Identifying Exotic Rams at Stone Creek Ranch: Tips for Spotting Your Trophy
In our previous blog, we discussed how you have the unique opportunity to harvest a trophy Aoudad right in the heart of the Texas Hill Country. However, this striking member of the wild sheep and goat family is just one of several related species that call Stone Creek Ranch home. Each is unique, from its pelt to its horns, and sometimes it can be a puzzle to determine which type of animal is which.
In this blog, we’ll discuss three of the noted exotic goat species at Stone Creek Ranch— the Nubian Ibex, the Hybrid Ibex Ram, and the Markhor. By pointing out a few distinguishing features, we hope to help you identify the trophy ram you’re seeking when you join us for a hunt.
While it originates in North Africa, the Nubian Ibex (Capra nubiana) can be found far across the Arabian Peninsula, the Sinai and the Levant. Like most of their species, they thrive in steep, rocky terrains, and spend most of their time in these areas. Countries with protected reserves include Egypt, Israel, Saudi Arabia, Sudan, Oman and Jordan.
While it is a relatively small animal, A Nubian Ibex’s horns are often longer than those of other species of Ibexes, and they can often grow to 3-4 ft. Nubian Ibex horns also contain very deep ridges and large nodes, and the animals’ coats are often a darker brown.
Because the Nubian Ibex thrives in arid and semi-desert environments, it fits in well in the Texas Hill Country. Its diet consists primarily of leaves and grass, although it occasionally eats wild fruits and vegetables. Because Nubian Ibex tend to feed in the early morning and late evening hours, these are generally the best time to spot these animals while they’re most active.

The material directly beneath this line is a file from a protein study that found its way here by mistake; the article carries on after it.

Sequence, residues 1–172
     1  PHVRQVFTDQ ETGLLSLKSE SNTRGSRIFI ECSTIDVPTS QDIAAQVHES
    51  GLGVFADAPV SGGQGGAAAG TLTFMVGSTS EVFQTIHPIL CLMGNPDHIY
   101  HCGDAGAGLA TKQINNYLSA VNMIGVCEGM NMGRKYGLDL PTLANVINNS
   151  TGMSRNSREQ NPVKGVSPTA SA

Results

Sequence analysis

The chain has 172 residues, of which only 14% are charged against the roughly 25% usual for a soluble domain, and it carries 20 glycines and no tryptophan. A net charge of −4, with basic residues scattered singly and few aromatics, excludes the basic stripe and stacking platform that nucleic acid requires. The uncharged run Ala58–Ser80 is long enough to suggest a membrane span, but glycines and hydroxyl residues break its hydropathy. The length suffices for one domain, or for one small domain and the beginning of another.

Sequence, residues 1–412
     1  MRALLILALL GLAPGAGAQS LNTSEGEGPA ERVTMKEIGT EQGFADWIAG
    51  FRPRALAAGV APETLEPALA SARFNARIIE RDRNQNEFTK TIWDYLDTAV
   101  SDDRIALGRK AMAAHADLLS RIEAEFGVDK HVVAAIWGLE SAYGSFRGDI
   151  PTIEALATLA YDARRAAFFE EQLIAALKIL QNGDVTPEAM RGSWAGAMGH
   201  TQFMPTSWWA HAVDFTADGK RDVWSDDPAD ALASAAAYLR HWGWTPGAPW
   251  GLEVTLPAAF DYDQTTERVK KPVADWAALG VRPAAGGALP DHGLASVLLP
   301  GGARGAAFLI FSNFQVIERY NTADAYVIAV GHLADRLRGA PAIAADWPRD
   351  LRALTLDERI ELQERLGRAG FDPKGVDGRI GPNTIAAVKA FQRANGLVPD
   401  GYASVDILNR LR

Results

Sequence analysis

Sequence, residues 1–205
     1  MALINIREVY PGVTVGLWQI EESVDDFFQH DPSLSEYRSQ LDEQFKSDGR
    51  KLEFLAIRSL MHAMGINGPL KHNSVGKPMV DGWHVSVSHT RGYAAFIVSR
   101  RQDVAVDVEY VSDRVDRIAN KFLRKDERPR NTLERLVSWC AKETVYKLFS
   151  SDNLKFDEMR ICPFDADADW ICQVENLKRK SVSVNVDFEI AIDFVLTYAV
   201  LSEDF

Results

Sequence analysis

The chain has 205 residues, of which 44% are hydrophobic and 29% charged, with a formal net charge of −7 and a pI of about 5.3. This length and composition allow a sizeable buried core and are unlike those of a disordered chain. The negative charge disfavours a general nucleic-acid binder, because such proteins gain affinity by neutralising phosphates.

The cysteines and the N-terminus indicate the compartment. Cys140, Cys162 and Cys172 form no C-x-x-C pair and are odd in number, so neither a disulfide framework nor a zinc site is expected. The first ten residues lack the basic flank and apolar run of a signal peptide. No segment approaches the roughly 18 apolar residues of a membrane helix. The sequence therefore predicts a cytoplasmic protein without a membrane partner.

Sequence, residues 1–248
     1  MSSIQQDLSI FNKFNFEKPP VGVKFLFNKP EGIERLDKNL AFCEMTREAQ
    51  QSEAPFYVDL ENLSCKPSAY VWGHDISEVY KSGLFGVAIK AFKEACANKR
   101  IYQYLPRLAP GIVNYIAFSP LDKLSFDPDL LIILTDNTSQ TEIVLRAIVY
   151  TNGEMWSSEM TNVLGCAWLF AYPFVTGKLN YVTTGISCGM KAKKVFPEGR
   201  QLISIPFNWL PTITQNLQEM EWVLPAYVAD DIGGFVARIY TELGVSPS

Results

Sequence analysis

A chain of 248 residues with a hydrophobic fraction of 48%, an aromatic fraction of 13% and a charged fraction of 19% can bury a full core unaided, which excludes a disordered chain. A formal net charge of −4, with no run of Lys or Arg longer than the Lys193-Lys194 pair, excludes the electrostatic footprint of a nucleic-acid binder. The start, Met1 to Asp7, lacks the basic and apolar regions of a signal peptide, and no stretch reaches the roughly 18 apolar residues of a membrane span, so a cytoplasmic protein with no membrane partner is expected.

Hybrid Ibex Rams
The reason this branch of the Ibex family is called a hybrid is that it is a cross between a Nubian Ibex and an Angora Goat. They possess sturdy bodies which closely resemble goats. However, they also possess the trademark horns of the ibex. Their body coat is sandy brown to tan in the summer, generally transitioning to a grayish color in the winter months. Their hindquarters may appear paler in color, and most underparts are white. The underside of the tail and a long tuft of chin hair (goatee) is black. Males also have a small black ridge of hair running along their backs.
Natives of Southern Asia and the Himalayan countries, the Markhor is a high-altitude animal that prefers to inhabit remote areas and rocky slopes. Males in particular are loners, while females thrive in small herds. The Markhor is one of the largest wild goat species, and most animals are 25-45 inches high at the shoulder. Like the Ibex, they tend to feed on vegetation and are generally active in the morning and evening.
The most distinctive features of this unique animal are its coat and (of course) its horns. Its coat is long and shaggy, with a coarse topcoat and soft, wooly undercoat. However, its horns are very different from those of Ibexes. Long and spreading, the horns often take on a spiraling or curly shape and can reach almost five feet in length. These distinct features make the Markhor a top-level trophy for any exotic hunter.
Hunt the Perfect Trophy Ram at Stone Creek Ranch
Whether you’re looking for a Nubian Ibex, Hybrid Ibex or a Markhor, the place to find them is at Stone Creek Ranch. These unique animals thrive in the beautiful, rugged habitat of the Texas Hill Country, which is quite familiar to them. No matter which trophy you seek, you’ll have one of our trained guides by your side throughout your hunt to ensure you have the best chance of coming home with the perfect catch. Don’t wait for summer’s hunting slots to fill up on you. Book your hunt in the Hill Country today.